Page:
Robert and Ruth Pflug hosted four of their neighbors one afternoon in 1982, to reminisce about earlier days lived at the head of Brown’s Cove, at the foot of Brown’s Gap in the Blue Ridge Mountains of western Albemarle County.
Benjamin Brown Sr., patriarch of the family for whom that area is identified, settled in western Albemarle c.1745. One of his grandsons, Thomas Harris Brown (1785–1872), has been credited with building the brick portion of the plantation house that eventually came to be dubbed “Headquarters.” Following more than a century of ownership by succeeding generations of that family, in 1875, Alman (or Almond) M. Bruce (1838–1917) purchased the house and farm property.
Stories and laughter filled the parlor of old Headquarters as three first cousins, grandchildren of Almond Bruce, regaled the Pflugs with their memories of times spent at that storied place. The honored guests were Hilma Powell Yates (1901–1983), Julia Bruce Blake (1903–1996) with her husband John R. Blake (1909–1996), and Lucille F. Bruce (1915–2000).
“Hilma came here when she was a little baby,” said Julia. “She was only 16-months older that I am. I was born here.”
“We’d go outside with rag dolls and things that we played with,” said Hilma. “Had a good time. We looked forward for Christmas to come, too. Uncle George [Bruce], he always sent us a little toy. I’ve still got my little cup and saucer sitting out. He would give us some little remembrance, something to play with.”
“We hardly ever had a tree when we were small,” recalled Lucille, “but Santa Claus came. He came in this door here. We’d hang the stockings. Daddy [John L. Bruce (1880–1960)] was just like a child at Christmas as we were. He’d get up at four o’clock in the morning to see what Santa Claus had in his stocking same as we did.”
“They used to have big parties at Christmas, too,” said Julia.
“Big old fireplace,” added Hilma, “and they would have a fire, Christmas logs and everything.”
Julia continued, “We were tiny kids then and we weren’t allowed to go in there, but we would go and peek in the door, and they would be having a ball and we were out there looking. They were being social and having a good time, sometimes dancing.
“Momma [Bertha Baber Bruce (1880–1955)] would bake all kinds of pies. People would get tired of dancing around, they would go in there and cut a piece of custard pie and have coffee.”
“Grandfather used to have parties in the hall and in the big parlor,” said Julia. “Mr. Jeff Brown (1847–1917) was a very fine violinist, and he would come over and play sometime. My Granddad could play, too, but you’d hardly ever get him to play. Once in a while, if you’d beg him, he’d play.”
Hilma added, “People would come from around White Hall, and the Browns, the Powers people, they would come from all around. Danced old-fashioned waltzes. Things of that kind.”
“And minuets,” added John. “I tried to, but I never was good at it.”
Ruth asked, “Julia, when was it that you met John?”
“That was in ’27,” replied Julia.
“I had been shucking corn for Lucille’s father the same day I first saw Julia,” said John. “I was 17 years old. It was October, and they were making apple butter and she was sitting with a group of young people. We’ll be married 51 years this Christmas Eve.”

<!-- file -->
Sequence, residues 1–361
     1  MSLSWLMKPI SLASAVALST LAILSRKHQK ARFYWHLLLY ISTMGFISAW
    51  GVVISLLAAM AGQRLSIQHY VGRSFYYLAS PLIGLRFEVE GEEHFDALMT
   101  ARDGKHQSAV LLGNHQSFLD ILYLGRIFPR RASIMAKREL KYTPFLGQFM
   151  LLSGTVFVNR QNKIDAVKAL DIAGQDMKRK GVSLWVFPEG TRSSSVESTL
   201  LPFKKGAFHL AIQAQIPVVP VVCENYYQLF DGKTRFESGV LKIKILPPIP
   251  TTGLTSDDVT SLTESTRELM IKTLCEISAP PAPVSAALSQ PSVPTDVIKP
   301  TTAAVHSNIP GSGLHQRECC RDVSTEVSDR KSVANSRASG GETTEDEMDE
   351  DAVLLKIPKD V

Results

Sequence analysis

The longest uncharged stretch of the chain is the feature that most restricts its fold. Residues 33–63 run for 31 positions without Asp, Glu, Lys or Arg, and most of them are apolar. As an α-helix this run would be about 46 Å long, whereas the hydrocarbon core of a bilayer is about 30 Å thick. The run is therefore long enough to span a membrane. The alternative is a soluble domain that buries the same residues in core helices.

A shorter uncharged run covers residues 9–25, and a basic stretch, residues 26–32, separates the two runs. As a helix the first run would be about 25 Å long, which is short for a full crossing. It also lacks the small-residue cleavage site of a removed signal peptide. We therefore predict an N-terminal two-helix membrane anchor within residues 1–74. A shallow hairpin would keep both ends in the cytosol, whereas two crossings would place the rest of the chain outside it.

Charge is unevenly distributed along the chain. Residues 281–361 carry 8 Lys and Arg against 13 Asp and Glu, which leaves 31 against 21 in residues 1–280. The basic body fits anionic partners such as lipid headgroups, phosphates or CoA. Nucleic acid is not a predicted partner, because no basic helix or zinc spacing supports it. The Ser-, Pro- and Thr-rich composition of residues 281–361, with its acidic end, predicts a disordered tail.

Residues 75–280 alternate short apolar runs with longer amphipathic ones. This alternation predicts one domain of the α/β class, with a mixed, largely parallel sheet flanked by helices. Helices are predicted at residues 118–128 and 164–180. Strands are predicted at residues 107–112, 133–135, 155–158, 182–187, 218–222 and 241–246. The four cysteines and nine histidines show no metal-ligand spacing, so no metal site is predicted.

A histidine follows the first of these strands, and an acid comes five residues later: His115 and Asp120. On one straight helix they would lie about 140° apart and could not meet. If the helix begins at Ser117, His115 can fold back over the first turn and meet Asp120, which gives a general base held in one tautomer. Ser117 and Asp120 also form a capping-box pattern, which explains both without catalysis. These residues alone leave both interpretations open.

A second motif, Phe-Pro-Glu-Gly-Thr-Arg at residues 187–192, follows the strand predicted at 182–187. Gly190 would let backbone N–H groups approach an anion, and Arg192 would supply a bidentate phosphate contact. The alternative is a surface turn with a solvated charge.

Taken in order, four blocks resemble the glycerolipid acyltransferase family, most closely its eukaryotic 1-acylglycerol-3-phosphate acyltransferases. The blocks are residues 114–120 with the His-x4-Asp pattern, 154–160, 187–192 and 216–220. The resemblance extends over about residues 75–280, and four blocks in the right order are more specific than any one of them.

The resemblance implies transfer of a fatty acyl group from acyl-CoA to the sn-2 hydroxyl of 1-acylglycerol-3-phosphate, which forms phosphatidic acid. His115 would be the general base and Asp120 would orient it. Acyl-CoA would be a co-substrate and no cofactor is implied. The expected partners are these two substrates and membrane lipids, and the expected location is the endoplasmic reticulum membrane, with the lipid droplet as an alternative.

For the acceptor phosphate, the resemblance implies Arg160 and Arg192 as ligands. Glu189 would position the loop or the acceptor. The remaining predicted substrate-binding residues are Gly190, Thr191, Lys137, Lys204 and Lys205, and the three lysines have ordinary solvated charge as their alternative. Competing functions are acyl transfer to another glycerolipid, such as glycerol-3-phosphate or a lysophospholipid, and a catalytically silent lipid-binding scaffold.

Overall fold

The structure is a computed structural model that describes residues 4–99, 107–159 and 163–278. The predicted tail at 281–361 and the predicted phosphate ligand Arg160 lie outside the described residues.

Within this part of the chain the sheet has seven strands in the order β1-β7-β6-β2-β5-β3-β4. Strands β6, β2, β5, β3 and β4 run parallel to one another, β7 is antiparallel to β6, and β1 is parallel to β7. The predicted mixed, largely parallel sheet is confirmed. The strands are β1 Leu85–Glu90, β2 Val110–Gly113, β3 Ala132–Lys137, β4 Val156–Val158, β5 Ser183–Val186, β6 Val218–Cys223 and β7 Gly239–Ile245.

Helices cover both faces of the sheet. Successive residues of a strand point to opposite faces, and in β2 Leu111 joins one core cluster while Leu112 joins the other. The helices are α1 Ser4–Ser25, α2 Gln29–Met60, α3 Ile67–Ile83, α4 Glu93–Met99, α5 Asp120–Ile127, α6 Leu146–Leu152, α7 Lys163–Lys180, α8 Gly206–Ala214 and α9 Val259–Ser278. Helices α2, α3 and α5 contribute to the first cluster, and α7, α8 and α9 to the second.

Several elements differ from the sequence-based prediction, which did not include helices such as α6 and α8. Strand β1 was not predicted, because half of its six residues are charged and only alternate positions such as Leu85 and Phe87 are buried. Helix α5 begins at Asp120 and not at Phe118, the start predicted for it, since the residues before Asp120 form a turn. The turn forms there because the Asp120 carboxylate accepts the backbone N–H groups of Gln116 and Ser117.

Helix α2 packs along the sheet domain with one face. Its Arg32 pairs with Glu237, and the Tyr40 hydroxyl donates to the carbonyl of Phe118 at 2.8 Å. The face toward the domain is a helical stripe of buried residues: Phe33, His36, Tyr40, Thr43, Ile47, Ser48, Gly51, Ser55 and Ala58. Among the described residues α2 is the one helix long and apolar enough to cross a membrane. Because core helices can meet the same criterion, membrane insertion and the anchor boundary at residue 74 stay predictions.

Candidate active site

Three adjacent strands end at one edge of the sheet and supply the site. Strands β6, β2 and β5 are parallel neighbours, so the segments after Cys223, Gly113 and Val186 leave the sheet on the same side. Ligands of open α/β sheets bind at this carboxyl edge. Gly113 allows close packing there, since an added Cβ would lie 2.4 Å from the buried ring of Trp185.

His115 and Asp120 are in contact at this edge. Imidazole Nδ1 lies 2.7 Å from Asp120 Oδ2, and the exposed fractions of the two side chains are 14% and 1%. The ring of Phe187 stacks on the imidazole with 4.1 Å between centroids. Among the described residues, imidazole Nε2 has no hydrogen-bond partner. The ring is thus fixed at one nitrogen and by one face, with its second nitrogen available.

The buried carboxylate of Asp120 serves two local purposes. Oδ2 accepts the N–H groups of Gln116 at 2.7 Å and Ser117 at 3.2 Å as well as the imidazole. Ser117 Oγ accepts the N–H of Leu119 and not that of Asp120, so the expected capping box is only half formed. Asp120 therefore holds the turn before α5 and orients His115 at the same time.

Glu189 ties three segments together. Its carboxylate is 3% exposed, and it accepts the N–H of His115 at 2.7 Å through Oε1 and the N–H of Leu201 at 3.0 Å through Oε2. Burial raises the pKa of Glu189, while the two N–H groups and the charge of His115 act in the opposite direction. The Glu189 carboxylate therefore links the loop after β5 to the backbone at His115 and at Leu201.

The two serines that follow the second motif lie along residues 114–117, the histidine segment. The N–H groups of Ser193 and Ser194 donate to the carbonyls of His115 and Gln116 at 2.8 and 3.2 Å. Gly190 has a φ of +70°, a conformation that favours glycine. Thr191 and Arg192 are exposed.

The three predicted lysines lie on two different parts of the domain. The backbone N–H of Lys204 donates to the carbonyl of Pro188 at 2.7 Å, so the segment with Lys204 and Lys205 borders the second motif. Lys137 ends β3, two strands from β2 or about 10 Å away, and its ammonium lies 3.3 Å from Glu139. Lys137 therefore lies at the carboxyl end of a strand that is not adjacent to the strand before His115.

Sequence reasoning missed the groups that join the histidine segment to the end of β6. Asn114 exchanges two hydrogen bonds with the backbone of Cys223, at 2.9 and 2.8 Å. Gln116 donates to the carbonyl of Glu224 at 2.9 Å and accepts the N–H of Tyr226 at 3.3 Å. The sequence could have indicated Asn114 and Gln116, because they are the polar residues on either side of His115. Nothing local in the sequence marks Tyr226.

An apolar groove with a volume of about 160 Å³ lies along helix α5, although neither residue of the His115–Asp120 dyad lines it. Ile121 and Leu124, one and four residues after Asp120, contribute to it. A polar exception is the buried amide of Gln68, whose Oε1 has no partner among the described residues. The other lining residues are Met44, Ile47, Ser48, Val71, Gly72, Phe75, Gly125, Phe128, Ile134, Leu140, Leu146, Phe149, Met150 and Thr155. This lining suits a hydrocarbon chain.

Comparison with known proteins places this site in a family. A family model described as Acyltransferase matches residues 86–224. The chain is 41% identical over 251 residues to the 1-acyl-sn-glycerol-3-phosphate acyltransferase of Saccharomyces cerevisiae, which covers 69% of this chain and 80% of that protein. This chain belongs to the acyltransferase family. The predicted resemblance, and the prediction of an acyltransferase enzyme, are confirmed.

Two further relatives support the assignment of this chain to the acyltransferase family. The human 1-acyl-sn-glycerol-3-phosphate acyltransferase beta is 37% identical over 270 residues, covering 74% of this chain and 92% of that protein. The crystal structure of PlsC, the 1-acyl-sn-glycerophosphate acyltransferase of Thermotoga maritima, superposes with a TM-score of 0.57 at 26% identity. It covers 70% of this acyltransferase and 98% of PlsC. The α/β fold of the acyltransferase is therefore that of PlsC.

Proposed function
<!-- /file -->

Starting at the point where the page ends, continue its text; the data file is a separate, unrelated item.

“And John,” Ruth continued, “what were you doing here?”
“I had driven the school bus for four years,” John replied.
“My mother [Fannie Maupin Bruce (1876–1943)] finally succeeded in getting the school bus through here to get us to school to educate us,” said Lucille. “My sister rode a horse from here to Mountfair School each morning to catch the bus to go to school… John was the first school bus driver. He stayed here until he graduated from Crozet High School, and I graduated from high school and my sister.”
“I slept right upstairs,” said John. “There’s two rooms up there, and I stayed in the one next to the end. There was no heat up there back then. This room here [the parlor] was the only one that got any heat in it. When I would come back from going to see Julia, I would get in the bed and put the lamp on the floor and hold my feet over the lamp.”
“In the morning, how many were here in the house?” asked Ruth.
Lucille said, “Mother and Grandmother [Virginia Caroline Sprinkle Bruce (1844–1932)] fixed the breakfast, and then Mother would have to get off to [teach] school. Before school, we had to get up and go milk by lantern light, way, way before daylight. Take a lantern and go up there in the barn. Hang the lantern up. Milk the cows. Come back. Then we would have breakfast. Mother would fix the milk and put it in the spring box.
“On the backside of the big long table we had a bench the length of the table. Dad and Grandmother sat at the head of the table. My dad sat on one side and I sat next to him. One of my aunts, she was a school teacher, she sat next to me. On the other side would be my mother, my sister, and Uncle George Bruce. That consisted of our family when we were going to school.”
“What did they grow at Headquarters?” Ruth asked.
“We had a vegetable garden,” said Lucille. “A big potato patch right back of our kitchen. All of our fruits, grapes, cherries. Nothing was hardly ever bought except sugar and coffee, and maybe a loaf of bread which would be a treat like maybe pound cake is to people now.”
“I came up here in ’27, and it was the most prosperous-looking place of that kind I ever saw,” said John. “Never saw so much fruit and everything in my life.”
“They farmed their own land on the upper end of the place all the way up into the mountains,” said Julia. “The apple trees are gone now, and the wheat. We worked from daylight ’til dark. Didn’t know whether it was a long day or a short one.”
But the stories they told showed it was a wonderful, rich life.
Credit is owed to John R. Jr. and Carolyn L. Pflug for preserving and making available the original audio recording from which this story was excerpted.
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